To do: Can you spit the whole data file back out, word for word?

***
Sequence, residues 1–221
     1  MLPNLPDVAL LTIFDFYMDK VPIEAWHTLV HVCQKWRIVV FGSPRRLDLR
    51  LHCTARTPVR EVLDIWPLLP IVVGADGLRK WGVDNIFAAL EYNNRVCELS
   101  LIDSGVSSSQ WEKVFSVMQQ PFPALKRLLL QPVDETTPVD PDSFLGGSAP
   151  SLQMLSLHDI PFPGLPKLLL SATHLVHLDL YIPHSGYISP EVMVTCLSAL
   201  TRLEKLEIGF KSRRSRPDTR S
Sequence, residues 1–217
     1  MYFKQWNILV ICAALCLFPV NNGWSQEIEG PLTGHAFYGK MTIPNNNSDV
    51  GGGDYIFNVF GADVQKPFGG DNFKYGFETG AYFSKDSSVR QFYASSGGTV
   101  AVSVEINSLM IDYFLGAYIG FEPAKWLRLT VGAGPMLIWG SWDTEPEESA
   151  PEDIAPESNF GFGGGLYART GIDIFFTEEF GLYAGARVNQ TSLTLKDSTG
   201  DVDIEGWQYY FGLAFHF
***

Sequence, residues 1–221
     1  MLPNLPDVAL LTIFDFYMDK VPIEAWHTLV HVCQKWRIVV FGSPRRLDLR
    51  LHCTARTPVR EVLDIWPLLP IVVGADGLRK WGVDNIFAAL EYNNRVCELS
   101  LIDSGVSSSQ WEKVFSVMQQ PFPALKRLLL QPVDETTPVD PDSFLGGSAP
   151  SLQMLSLHDI PFPGLPKLLL SATHLVHLDL YIPHSGYISP EVMVTCLSAL
   201  TRLEKLEIGF KSRRSRPDTR S
Sequence, residues 1–217
     1  MYFKQWNILV ICAALCLFPV NNGWSQEIEG PLTGHAFYGK MTIPNNNSDV
    51  GGGDYIFNVF GADVQKPFGG DNFKYGFETG AYFSKDSSVR QFYASSGGTV
   101  AVSVEINSLM IDYFLGAYIG FEPAKWLRLT VGAGPMLIWG SWDTEPEESA
   151  PEDIAPESNF GFGGGLYART GIDIFFTEEF GLYAGARVNQ TSLTLKDSTG
   201  DVDIEGWQYY FGLAFHF